It’s one of those “Eats Shoots and Leaves” things. We talk about “Computer Help,” the good old F1, the very first Function key.
But today it was “Computer, help!” for me in London. I was trying to get to Liverpool using a ticket I’d bought online. I needed both the credit card I’d bought it with and a long ID number–which, in my haste, I’d copied incorrectly. (Note: check-in at airports is smooth by comparison.) It’s not easy to juggle bags and also enter numbers from an email or bit of paper, in any case. (Why can’t they just use the card’s PIN as security?) What was the answer? A sturdy woman with a warm northern accent and a long red wool coat–the uniform of the Virgin Trains ‘floorwalkers.’ She did help, and as she worked she told me how things had changed. For a moment, she reminded me of our local librarian in Great Barringon, who explains in a low voice to every person she can that things used to be different: before the computers, they knew everyone’s name, they could check things out to people who’d forgotten their cards. . . .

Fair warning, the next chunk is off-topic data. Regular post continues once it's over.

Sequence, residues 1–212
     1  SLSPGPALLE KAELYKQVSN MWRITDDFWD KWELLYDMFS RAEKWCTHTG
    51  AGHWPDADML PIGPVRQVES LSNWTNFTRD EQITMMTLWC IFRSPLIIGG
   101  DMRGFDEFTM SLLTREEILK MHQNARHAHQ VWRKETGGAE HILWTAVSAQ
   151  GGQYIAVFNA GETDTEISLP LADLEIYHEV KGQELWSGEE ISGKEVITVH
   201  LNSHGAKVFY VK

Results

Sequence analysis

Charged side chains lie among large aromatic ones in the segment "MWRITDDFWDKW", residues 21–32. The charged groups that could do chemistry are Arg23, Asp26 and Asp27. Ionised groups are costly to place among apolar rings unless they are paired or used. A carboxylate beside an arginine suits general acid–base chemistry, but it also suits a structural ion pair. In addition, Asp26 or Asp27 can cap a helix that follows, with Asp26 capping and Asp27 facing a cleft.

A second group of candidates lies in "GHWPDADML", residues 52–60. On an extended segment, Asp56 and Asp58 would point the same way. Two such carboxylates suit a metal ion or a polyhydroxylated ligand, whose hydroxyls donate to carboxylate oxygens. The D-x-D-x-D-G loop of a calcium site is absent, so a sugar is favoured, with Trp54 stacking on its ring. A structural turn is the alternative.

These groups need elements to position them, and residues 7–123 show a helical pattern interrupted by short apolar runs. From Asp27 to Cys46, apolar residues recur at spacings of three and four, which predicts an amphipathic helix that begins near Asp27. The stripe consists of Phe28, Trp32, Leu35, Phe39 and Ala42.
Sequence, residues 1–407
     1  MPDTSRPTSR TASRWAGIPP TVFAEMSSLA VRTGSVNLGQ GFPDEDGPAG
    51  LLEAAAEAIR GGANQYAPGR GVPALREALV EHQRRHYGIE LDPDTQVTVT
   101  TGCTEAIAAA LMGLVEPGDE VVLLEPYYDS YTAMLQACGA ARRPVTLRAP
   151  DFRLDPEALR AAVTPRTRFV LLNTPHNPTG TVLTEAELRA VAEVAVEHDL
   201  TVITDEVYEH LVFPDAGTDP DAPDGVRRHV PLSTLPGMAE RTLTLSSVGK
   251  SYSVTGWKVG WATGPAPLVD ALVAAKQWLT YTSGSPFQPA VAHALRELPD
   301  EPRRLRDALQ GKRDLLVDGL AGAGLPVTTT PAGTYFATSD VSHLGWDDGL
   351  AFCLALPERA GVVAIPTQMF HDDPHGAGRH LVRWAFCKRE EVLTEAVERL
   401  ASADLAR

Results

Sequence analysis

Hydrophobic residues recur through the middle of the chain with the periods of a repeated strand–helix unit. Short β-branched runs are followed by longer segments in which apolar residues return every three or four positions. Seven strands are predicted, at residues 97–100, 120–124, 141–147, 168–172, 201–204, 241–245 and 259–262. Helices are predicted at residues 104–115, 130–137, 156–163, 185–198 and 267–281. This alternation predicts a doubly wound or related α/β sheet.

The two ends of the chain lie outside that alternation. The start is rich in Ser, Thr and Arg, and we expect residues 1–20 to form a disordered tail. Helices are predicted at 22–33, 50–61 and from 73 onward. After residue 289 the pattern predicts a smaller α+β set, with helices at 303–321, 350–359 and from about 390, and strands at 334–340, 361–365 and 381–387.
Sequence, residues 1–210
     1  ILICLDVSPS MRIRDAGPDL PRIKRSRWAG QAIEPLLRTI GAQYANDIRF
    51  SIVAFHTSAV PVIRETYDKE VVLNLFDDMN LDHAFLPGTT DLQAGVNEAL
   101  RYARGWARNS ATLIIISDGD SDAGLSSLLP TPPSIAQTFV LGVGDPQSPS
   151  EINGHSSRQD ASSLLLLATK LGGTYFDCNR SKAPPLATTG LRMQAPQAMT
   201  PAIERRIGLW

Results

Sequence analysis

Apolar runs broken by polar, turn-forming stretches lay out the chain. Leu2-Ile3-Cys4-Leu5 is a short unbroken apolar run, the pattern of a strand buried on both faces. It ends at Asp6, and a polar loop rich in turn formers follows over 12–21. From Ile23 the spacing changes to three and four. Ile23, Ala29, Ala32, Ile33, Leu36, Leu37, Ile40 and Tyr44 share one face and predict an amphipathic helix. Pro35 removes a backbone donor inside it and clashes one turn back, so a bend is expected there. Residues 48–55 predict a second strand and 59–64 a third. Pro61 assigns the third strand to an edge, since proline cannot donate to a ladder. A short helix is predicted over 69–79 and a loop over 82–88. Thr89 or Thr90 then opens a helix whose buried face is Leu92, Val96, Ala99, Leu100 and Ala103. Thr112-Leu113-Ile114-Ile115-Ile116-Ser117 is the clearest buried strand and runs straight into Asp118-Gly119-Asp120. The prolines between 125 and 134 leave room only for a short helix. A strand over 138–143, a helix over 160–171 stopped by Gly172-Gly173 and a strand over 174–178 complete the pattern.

It’s a litany that gets wearisome, and we really did want the library to have computers and got tired of the foot-dragging that went on for years. But when things go wrong there really is nothing like having a friendly person there to sort it out, to be sympathetic when you miss your train anyway (having left too little time to deal with these mishaps), and to try to find a alternate route via Lancaster and Crewe.
The perfect final touch was finding out that the IT person I was visiting didn’t use a mobile phone. I’m astounded by how many people in high tech careers avoid technology: they obviously understand its limitations and downsides better than the rest of us. I want to meet the Silicon Valley leader I read about the the Wall Street Journal who lives by candlelight at home, off the grid.